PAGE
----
Born Yesterday, written by Garson Kanin and Albert Mannheimer, based on the play of the same name by Garson Kanin, directed by George Cukor, starring William Holden, Judy Holliday and Broderick Crawford (1950): Delightful, sarcastic, alternately cynical and hopeful about the American political process. Crawford plays a powerful businessman who moves to Washington with his mistress (played by Judy Holliday, who won a Best Actress Oscar for her role). He decides that Holliday needs some refining and polishing to fit into ‘respectable’ political society and hires down-on-his-luck journalist Holden to do the job.
But Holliday’s character turns out to be a lot smarter than anyone expects, while Holden soon falls in love with her. Holliday, whose life was cut short in the 1960’s by breast cancer, specialized in playing high-voiced ditzes, but in real life, she apparently had an IQ of 172 and managed to thwart the House Committee on UnAmerican Activities without being completely blacklisted or naming names (basically, she played dumb, and the politicians believed her). Badly remade with Melanie Griffith in the Holliday role in the early 1990’s. Highly recommended.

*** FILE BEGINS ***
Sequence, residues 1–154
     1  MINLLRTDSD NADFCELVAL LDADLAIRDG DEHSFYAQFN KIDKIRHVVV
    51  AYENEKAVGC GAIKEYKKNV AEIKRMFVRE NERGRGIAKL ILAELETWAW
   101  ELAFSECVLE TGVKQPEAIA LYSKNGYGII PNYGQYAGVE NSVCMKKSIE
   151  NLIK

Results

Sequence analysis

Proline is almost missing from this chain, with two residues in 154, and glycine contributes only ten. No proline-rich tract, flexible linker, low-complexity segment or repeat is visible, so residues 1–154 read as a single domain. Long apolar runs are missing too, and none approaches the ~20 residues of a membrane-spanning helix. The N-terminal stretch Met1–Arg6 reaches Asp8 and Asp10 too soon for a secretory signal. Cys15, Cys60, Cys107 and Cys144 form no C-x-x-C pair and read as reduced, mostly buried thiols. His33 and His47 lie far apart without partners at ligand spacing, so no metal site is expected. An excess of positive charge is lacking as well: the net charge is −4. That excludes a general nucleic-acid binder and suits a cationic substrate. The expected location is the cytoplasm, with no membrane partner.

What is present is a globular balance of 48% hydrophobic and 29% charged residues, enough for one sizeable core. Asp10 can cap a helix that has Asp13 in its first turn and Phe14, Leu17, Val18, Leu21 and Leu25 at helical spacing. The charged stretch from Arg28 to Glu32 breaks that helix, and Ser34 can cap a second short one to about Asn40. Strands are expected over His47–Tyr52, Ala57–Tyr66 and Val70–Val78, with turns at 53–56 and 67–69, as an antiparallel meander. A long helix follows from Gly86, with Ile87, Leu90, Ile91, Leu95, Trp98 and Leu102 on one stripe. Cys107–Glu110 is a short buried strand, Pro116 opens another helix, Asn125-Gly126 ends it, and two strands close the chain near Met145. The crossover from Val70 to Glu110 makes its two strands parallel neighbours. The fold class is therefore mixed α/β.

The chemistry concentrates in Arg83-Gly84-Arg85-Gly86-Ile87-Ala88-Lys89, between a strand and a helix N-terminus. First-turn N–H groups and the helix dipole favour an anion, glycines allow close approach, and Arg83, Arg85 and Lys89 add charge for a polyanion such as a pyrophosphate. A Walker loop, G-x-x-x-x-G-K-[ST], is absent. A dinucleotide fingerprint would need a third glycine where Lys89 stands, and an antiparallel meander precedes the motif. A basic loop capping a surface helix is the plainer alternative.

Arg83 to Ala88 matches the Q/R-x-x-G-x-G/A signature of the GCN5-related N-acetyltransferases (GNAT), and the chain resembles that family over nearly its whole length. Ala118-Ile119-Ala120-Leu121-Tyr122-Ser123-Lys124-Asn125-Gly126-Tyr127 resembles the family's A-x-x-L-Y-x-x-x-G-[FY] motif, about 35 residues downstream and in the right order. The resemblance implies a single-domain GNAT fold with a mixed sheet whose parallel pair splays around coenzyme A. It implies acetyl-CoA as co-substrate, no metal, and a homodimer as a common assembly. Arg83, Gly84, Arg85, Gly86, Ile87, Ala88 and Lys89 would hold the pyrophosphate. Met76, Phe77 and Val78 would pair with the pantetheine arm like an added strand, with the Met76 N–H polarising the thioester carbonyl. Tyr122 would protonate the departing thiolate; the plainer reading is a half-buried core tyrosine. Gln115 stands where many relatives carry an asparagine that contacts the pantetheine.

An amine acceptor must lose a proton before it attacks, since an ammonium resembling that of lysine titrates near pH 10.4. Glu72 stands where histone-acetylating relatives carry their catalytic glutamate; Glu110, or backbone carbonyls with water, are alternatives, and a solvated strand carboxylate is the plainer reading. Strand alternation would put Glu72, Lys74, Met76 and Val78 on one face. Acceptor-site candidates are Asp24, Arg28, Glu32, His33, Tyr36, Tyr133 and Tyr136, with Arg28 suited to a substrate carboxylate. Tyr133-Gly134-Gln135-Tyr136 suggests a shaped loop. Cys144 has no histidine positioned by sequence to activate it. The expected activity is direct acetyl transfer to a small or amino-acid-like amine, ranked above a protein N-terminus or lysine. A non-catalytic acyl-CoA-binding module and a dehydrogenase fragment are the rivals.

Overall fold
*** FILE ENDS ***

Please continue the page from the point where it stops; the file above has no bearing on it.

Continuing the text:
Scaramouche, written by Ronald Millar and George Froeschel and Talbot Jenning, based on the novel by Rafael Sabatini, directed by George Sidney, starring Stewart Granger, Eleanor Parker, Janet Leigh and Mel Ferrer (1952): Swashbuckling period piece set in France a few years prior to the French Revolution. Granger plays a (literal) bastard ne’er-do-well who gets pulled into fighting the aristocracy by the death of his friend at the blade of Ferrer’s evil nobleman.
Granger seeks out the best fencing trainers in France so as to be able to duel the Marquis de Mains; the film climaxes with the longest sword duel in film history to that time, and it’s a doozy that George Lucas ransacked for the Luke Skywalker/Darth Vader duels in The Empire Strikes Back and Return of the Jedi, in much the same way he lifted sections of the climactic action of Star Wars from The Dambusters. Charming and frothy; Janet Leigh plays the most American French noblewoman in film history — it’s something about her accent that does it. Highly recommended.